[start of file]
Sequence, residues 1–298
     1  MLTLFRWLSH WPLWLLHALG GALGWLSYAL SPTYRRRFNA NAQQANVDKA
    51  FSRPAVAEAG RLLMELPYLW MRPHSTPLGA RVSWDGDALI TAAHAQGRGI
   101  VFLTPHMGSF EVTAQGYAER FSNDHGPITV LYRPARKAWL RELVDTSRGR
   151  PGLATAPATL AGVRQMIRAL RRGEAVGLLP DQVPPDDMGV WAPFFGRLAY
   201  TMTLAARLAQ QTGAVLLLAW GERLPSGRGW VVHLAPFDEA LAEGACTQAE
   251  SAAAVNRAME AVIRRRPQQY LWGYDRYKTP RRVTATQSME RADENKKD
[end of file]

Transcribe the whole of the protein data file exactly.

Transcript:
Sequence, residues 1–298
     1  MLTLFRWLSH WPLWLLHALG GALGWLSYAL SPTYRRRFNA NAQQANVDKA
    51  FSRPAVAEAG RLLMELPYLW MRPHSTPLGA RVSWDGDALI TAAHAQGRGI
   101  VFLTPHMGSF EVTAQGYAER FSNDHGPITV LYRPARKAWL RELVDTSRGR
   151  PGLATAPATL AGVRQMIRAL RRGEAVGLLP DQVPPDDMGV WAPFFGRLAY
   201  TMTLAARLAQ QTGAVLLLAW GERLPSGRGW VVHLAPFDEA LAEGACTQAE
   251  SAAAVNRAME AVIRRRPQQY LWGYDRYKTP RRVTATQSME RADENKKD